We require resources that can internalize and enable organizational capabilities around data science, data insights, or data analytics. If you have a background in vendor management and are curious about data science, explore the untapped area that many leaders don’t want to talk about—vendor management.

Resources that are able to join teams, quickly come up to speed, and build capabilities by leveraging third-party partners are priceless. You might even have experience working with consulting companies or data-specific vendors with deep expertise. This works too.

Typically, executives don’t have the luxury of fat budgets to bring in 20 resources permanently to address data demands. To fulfill the growing asks that are pushing against our data enablement teams, we need to expand our capabilities. Usually, this means creative contracting.

To meet our business partners’ enormous data demands, we need to get creative, strategize, and find data-literate partners. The best tip I can offer is that, if you’re interested in learning more about data science or data-science capabilities, focus on the business’s vendor-management side. This is a crucial shared priority for the CIO and the CFO. Data-vendor management is here to stay and has vast untapped potential.

Hi, I’m Peter Nichol, Data Science CIO. Have a great day!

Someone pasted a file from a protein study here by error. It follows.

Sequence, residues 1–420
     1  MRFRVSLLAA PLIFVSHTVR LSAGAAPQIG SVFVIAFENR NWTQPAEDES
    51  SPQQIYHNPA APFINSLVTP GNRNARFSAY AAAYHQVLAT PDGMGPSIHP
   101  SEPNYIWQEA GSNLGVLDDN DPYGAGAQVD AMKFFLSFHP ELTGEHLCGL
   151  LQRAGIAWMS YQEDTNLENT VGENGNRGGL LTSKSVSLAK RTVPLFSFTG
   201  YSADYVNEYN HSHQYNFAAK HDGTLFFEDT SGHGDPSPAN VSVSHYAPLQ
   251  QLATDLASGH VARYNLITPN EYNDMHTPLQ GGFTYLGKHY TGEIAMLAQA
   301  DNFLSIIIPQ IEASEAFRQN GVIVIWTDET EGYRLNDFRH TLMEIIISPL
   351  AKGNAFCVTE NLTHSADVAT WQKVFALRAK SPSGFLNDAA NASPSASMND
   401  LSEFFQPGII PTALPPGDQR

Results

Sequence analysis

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Peter is a technology executive with 19 years of experience, dedicated to driving innovation, digital transformation, leadership, and data in business. He helps organizations connect strategy to execution to maximize company performance. He has been recognized for Digital Innovation by CIO 100, MIT Sloan, Computerworld, and the Project Management Institute. As Managing Director at OROCA Innovations, Peter leads the CXO advisory services practice, driving digital strategies. Peter was honored as an MIT Sloan CIO Leadership Award Finalist in 2015 and is a regular contributor to CIO.com on innovation. Peter has led businesses through complex changes, including the adoption of data-first approaches for portfolio management, lean six sigma for operational excellence, departmental transformations, process improvements, maximizing team performance, designing new IT operating models, digitizing platforms, leading large-scale mission-critical technology deployments, product management, agile methodologies, and building high-performance teams. As Chief Information Officer, Peter was responsible for Connecticut’s Health Insurance Exchange’s (HIX) industry-leading digital platform transforming consumerism and retail oriented services for the health insurance industry. Peter championed the Connecticut marketplace digital implementation with a transformational cloud-based SaaS platform and mobile application recognized as a 2014 PMI Project of the Year Award finalist, CIO 100, and awards for best digital services, API, and platform. He also received a lifetime achievement award for leadership and digital transformation, honored as a 2016 Computerworld Premier 100 IT Leader. Peter is the author of Learning Intelligence: Expand Thinking. Absorb Alternative. Unlock Possibilities (2017), which Marshall Goldsmith, author of the New York Times No. 1 bestseller Triggers, calls "a must-read for any leader wanting to compete in the innovation-powered landscape of today." Peter also authored The Power of Blockchain for Healthcare: How Blockchain Will Ignite The Future of Healthcare (2017), the first book to explore the vast opportunities for blockchain to transform the patient experience. Peter has a B.S. in C.I.S from Bentley University and an MBA from Quinnipiac University, where he graduated Summa Cum Laude. He earned his PMP® in 2001 and is a certified Six Sigma Master Black Belt, Masters in Business Relationship Management (MBRM) and Certified Scrum Master. As a Commercial Rated Aviation Pilot and Master Scuba Diver, Peter understands first hand, how to anticipate change and lead boldly.